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E, To, Ya and No Particles


The Japanese particle "e" has only one use but a significant one. Without using this particle, a sentence will not have any meaning. The Japanese particles "to" and "ya" have a similar meaning. "ya" particle is some times used as a substitute for "to" particle but only in few cases.
"No" particle has more than one use. It is very important to understand how to use Japanese particles while constructing a meaningful sentence. Following is the explanation of the various uses of Japanese particles "E", "To", "Ya" and "No":"E" Particle: When the hiragana consonant "he" is used as a particle then it is pronounced as "e". The particle "e" has only one but very important use in Japanese grammar. The movement of a person from one place to another is shown by the "e" particle. It indicates the destination to which one wants to go. E.g.:

Yamamoto san wa kaishya e ikimasu. (Mr. Yamamoto will go to the company.)

In the example, the destination to which Mr. Yamamoto wants to go is the company. Hence, the company is shown by "e" particle.

To Particle: The particle "to", means "and" or "along with" depending upon the context of the sentence. When used as a conjunction it means "and". The particle joins two or more nouns or common nouns. While performing an action with the cooperation of some one else at that time "to" particle means "along with". It shows the person who is helping or cooperating with the main subject of the sentence. E.g.:

Tsukue no ue ni kudamono to gyunyu to shinbun ga arimasu. (There are fruits and milk and newspaper on the table.)

Watashi wa haha to nihon e ikimasu. ( I will go to Japan along with my mother.)

In the first example, the meaning of "to" particle is "and". In the second example, the meaning of "to" particle is "along with".

Ya Particle: The particles "to" and "ya" have very similar meaning. Both mean "and" but there is a little difference in their uses. As stated above, "to" particle joins two or more nouns or common nouns. "Ya" particle is used when we want to tell things which are present in a particular area. Instead of specifying, the name of each and every object we can just talk about one or two and den use the pattern "nado ga arimasu". The complete grammar pattern is "– ya – ya nado ga arimasu. Even only "ya" particle is also used at times. E.g.:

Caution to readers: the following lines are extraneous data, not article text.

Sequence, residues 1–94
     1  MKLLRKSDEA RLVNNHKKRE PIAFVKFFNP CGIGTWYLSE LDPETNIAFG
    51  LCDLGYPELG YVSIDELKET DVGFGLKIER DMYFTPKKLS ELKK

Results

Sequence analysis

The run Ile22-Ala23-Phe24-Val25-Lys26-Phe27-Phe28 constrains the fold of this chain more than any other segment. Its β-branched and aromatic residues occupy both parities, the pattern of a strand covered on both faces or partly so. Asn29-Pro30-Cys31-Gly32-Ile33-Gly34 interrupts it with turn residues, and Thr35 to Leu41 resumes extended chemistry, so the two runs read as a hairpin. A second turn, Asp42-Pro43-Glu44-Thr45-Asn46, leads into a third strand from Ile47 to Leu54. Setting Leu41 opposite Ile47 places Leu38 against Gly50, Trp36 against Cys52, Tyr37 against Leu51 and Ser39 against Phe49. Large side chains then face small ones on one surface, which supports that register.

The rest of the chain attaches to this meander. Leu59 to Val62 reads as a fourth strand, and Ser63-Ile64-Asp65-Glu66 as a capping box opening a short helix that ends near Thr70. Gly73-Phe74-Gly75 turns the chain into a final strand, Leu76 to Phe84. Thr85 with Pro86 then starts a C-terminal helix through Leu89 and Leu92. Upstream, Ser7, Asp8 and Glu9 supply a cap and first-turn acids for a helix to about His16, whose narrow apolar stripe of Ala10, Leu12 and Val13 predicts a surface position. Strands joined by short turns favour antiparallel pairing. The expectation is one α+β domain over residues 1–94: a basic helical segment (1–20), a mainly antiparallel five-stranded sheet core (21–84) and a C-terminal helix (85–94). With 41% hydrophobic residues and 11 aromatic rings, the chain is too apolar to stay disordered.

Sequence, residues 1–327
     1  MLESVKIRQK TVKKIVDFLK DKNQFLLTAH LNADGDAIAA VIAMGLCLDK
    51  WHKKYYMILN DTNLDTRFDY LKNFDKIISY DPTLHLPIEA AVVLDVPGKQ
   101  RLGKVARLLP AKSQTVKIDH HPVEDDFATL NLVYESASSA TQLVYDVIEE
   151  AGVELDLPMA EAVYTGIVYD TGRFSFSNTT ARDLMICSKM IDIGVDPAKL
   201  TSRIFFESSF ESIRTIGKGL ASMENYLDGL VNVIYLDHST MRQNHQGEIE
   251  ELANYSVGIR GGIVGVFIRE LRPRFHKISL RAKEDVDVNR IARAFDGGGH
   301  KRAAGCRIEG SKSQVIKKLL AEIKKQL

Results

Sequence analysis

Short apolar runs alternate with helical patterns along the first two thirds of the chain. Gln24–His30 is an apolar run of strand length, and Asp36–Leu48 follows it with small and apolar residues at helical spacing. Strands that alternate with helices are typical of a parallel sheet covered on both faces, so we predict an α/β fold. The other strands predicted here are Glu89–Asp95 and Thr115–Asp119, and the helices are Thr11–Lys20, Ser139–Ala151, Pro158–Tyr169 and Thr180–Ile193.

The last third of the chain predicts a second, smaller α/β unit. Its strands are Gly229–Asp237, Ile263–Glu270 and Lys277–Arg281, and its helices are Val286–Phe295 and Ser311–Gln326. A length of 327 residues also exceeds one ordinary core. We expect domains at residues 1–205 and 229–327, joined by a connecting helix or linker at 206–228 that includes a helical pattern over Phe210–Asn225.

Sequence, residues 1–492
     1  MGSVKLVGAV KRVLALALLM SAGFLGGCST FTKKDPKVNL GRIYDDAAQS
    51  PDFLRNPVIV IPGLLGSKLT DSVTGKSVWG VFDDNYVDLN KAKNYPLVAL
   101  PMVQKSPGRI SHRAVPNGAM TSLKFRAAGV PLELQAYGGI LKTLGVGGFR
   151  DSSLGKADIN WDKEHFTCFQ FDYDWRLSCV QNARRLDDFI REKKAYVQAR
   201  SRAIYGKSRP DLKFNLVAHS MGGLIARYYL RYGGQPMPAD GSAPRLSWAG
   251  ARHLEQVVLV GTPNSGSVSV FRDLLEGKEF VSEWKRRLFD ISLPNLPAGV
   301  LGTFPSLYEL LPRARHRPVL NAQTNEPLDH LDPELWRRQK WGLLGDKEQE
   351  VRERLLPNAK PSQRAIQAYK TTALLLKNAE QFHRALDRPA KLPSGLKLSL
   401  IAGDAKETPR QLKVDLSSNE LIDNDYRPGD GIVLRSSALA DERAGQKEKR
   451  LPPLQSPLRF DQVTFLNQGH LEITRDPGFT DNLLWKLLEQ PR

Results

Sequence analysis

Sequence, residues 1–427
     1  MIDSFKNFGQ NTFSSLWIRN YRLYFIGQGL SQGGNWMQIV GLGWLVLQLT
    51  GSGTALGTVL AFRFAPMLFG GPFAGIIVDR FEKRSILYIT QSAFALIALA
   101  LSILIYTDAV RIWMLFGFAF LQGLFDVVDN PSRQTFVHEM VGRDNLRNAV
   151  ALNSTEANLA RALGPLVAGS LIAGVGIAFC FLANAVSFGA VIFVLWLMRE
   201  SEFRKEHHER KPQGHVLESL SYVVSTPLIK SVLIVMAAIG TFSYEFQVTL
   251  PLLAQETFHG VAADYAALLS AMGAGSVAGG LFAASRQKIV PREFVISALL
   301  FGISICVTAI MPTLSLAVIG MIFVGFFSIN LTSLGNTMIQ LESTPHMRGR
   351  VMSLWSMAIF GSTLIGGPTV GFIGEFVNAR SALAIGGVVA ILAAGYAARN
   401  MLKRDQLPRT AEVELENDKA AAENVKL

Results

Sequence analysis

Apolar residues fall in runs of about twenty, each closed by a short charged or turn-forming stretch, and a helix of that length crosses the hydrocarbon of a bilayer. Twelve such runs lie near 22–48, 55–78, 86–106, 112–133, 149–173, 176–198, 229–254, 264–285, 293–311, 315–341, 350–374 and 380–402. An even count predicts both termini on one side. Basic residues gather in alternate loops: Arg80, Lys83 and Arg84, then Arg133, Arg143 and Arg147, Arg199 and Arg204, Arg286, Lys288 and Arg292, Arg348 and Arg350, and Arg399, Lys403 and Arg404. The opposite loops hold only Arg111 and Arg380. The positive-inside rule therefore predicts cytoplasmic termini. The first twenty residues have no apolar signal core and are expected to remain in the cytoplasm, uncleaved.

Reizouko no naka ni yasai ya kudamono ya pan nado ga arimasu. (There vegetables and fruits and bread etc. inside the fridge.)

The area we are talking about is the fridge. Here instead of listing down each object present in the fridge we have used – ya – ya nado ga arimasu, which in shart means (-and – and etc.). Again it is not a rule that "ya" particle has to be used twice; it can be used once or thrice also.

"No" Particle: The particle "no" has more than one use. The various uses and their respective meaning according to the context are as below:-

  1. One of the meaning of the "no" particle is "of". It indicates what a person possesses. In other words it comes after the noun in a sentence. E.g.:
    Kore wa watashi no shiatsu desu. (This is my shirt.)
    Here I am showing that this shirt is mine.

  2. The particle can be instead of a noun. E.g.: Kutsushita wo kudasai. Sono akai no wo kudasai. (Please give me shoes. Please give those red one’s.)
    In this example instead of again saying that give me those red shoes, I directly use the particle "no".

  3. This particle is used before the words, which show time like "toki" and "ato".
    "no toki" means "at the time of" and "no ato" means "after". Example of both of these is as follows:
    shiken no toki takusan benkyou wo shimasu. (At the time of exams I study a lot.)
    asagohan no ato de gakkou e ikimasu. (After breakfast, I will go to school.)

All the above mention Japanese particles have very few or even one use. They are not at all difficult to use while communicating. Again, one very important thing to remember is that all these particles are always written in hiragana only.

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